Globalization has been one of the major drivers of cultural and commercial change in recent decades. For consumers, the world increasingly feels like one giant store, and our increased global mobility drives exposure to and appetite for new cultural influences and brands; what’s made on the other side of the planet can be in the store down the street, or delivered to our doors, in a matter of days.
At the same time, another trend is emerging: consumers taking pride in their area, and strongly identifying with it, which IGT’s trendspotting partner, Foresight Factory, calls “Local Allure.” Buying local supports one’s community and reinforces the feeling of group identification.
Lottery players are more likely to personally identify with their local areas. On average, 47 percent of global consumers say the area they live in is important to their sense of identity. This goes up to 55 percent for weekly lottery players across the globe. In Italy, the difference is even greater: 62 percent of weekly lottery players say their area is important to their identity, while the average of all Italians is 46 percent.1
In addition, IGT’s recent global study, Attracting New Players, shows that the appeal of good causes holds new significance for non-players. The research found that lottery games that raise funds for good causes in the player’s local area would be a motivator to play. In IGT’s study, 35 percent of millennials said that this factor would make them more likely to play lottery in the future.
Lotteries can leverage the local trend by using information about causes that were funded in players’ local areas to reward players for their participation. Using geolocation technology, lottery apps could also inform players about good causes with messages about lottery funding or needs when they pass near a lottery-funded entity.
Bring heritage into play
Another way to involve players and focus on local identity is to involve locals in game design. For example, in 2017, Arizona Lottery ran a statewide competition for local artists. The winning design would be featured on a special instant ticket for the Mexican holiday, Day of the Dead. The winner was Emily Costello, a self-taught artist who lives in Phoenix. She drew from her Hispanic heritage to design a ticket representing Arizona. After success with this ticket, the lottery collaboration with Costello continued. Four new designs, based on fictional lucha libre wrestlers, went on sale in August 2018. Arizona Lottery has named Costello their first artist-in-residence, and she has been commissioned to produce more tickets.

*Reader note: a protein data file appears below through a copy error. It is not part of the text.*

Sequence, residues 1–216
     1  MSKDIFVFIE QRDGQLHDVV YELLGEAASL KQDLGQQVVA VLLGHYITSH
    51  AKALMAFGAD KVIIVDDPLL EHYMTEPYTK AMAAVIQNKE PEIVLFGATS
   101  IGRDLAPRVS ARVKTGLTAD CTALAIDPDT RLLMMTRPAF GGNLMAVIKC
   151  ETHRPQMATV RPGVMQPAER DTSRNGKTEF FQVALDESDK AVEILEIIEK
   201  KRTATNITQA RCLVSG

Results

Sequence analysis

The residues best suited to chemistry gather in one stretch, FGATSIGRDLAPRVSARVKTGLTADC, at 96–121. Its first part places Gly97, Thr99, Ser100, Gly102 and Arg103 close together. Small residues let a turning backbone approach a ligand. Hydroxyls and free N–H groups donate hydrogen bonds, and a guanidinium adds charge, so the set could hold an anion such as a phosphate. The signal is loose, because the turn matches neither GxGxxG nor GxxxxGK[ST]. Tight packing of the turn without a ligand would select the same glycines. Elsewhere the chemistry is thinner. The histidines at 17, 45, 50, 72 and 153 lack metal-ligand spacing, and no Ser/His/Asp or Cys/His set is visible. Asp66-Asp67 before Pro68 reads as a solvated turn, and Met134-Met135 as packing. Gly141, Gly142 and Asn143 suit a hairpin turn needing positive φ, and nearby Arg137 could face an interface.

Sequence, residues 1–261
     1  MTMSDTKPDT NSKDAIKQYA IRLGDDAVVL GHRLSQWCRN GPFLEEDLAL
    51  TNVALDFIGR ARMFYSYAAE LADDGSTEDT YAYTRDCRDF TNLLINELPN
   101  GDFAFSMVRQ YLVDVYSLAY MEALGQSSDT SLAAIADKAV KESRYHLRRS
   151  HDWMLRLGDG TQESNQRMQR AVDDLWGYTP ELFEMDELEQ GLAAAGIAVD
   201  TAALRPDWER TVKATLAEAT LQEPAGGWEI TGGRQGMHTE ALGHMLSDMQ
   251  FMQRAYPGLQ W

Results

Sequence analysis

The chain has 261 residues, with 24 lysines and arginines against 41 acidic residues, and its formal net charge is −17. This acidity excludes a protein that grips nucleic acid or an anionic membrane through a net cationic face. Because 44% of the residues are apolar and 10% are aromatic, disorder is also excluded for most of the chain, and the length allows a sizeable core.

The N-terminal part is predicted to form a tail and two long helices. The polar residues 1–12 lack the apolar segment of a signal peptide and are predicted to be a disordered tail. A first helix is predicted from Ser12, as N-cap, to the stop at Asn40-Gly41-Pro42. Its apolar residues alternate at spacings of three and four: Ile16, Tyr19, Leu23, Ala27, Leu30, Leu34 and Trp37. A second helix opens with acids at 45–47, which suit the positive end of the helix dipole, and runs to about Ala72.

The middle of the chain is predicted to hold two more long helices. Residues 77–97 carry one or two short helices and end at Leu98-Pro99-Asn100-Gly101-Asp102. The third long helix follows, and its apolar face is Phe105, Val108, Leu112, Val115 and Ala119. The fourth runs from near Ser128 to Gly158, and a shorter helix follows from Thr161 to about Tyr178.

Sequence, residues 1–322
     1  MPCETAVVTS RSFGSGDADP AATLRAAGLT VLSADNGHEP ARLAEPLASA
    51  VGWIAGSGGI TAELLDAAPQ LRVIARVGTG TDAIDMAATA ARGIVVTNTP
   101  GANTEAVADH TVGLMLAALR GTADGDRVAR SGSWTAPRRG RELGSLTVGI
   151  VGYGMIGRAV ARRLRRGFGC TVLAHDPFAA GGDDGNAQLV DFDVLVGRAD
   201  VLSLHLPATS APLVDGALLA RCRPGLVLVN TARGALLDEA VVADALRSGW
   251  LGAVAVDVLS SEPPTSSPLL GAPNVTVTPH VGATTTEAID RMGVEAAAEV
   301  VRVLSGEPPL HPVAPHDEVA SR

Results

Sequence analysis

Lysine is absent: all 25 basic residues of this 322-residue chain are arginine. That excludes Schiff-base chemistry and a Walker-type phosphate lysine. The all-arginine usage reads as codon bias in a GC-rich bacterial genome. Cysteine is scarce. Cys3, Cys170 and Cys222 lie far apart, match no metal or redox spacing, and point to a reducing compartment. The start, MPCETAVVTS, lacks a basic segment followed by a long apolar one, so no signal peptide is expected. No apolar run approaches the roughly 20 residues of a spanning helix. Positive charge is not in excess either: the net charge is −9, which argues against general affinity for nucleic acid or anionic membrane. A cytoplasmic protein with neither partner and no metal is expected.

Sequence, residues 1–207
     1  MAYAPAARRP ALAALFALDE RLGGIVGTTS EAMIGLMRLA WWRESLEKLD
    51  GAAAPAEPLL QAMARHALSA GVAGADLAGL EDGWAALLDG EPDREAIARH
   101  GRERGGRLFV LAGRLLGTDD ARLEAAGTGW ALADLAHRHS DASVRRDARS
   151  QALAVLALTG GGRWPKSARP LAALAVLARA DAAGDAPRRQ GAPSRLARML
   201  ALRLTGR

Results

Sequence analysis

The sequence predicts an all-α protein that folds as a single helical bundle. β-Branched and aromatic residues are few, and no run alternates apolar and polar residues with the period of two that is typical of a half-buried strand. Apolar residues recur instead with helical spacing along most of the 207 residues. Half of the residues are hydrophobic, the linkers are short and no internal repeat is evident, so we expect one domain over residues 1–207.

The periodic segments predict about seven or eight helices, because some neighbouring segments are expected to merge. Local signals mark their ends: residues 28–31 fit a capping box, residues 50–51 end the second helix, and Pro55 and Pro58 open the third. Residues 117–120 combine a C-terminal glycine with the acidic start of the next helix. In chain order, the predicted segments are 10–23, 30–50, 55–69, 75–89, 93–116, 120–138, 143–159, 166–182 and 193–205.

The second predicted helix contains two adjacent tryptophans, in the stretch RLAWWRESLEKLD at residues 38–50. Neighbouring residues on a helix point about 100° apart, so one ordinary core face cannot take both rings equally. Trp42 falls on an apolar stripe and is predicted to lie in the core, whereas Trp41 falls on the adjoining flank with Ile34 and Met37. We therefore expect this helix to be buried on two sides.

This move by Arizona Lottery highlights the state’s Hispanic history and unique culture. It also supports the Arizona arts community, and it creates instant tickets with sense of authenticity.
Investing in community activities
Another way for lotteries to act on this trend is to facilitate connections between local residents and local non-profits. Adventure outfitter Patagonia provides an example that lotteries might build upon.
Patagonia Action Works, launched in February 2018, is a website that connects individuals who want to find solutions to the environmental crisis with local action groups. The site shows all the categories users can get involved with, offering a ‘nearby’ option on a map that will link them to groups, events, and stories of initiatives. Users can also buy Patagonia products on the site.
Patagonia Action Works associates Patagonia with local cause-related activities -- without Patagonia funding the work itself. Lotteries might not currently be able to offer their players the choice of which beneficiaries their money supports, but they can help the local community in non-monetary ways like this.
How can lotteries fit-in with the Local Allure trend?
Lotteries looking to leverage this trend might consider:
- Reinforcing links to local regions or communities
- Reminding players of the public works that lottery revenues fund, and how purchasing drives business to local retailers
- Creating local relevance for the lottery through association with local trade and craft
- Positioning your brand as more than a lottery operating in an area by helping players take part in community activities
The research used in this post was conducted by our research partner, Foresight Factory.
1 Source: Foresight Factory | Base: 392-3433 online respondents per country aged 16-64, [Indonesia 16-54], 2017 August
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